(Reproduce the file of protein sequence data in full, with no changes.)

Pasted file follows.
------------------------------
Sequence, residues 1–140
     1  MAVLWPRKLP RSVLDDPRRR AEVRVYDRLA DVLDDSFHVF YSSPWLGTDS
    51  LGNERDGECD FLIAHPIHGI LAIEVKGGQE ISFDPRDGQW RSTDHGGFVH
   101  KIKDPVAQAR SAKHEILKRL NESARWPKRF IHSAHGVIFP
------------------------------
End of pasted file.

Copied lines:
Sequence, residues 1–140
     1  MAVLWPRKLP RSVLDDPRRR AEVRVYDRLA DVLDDSFHVF YSSPWLGTDS
    51  LGNERDGECD FLIAHPIHGI LAIEVKGGQE ISFDPRDGQW RSTDHGGFVH
   101  KIKDPVAQAR SAKHEILKRL NESARWPKRF IHSAHGVIFP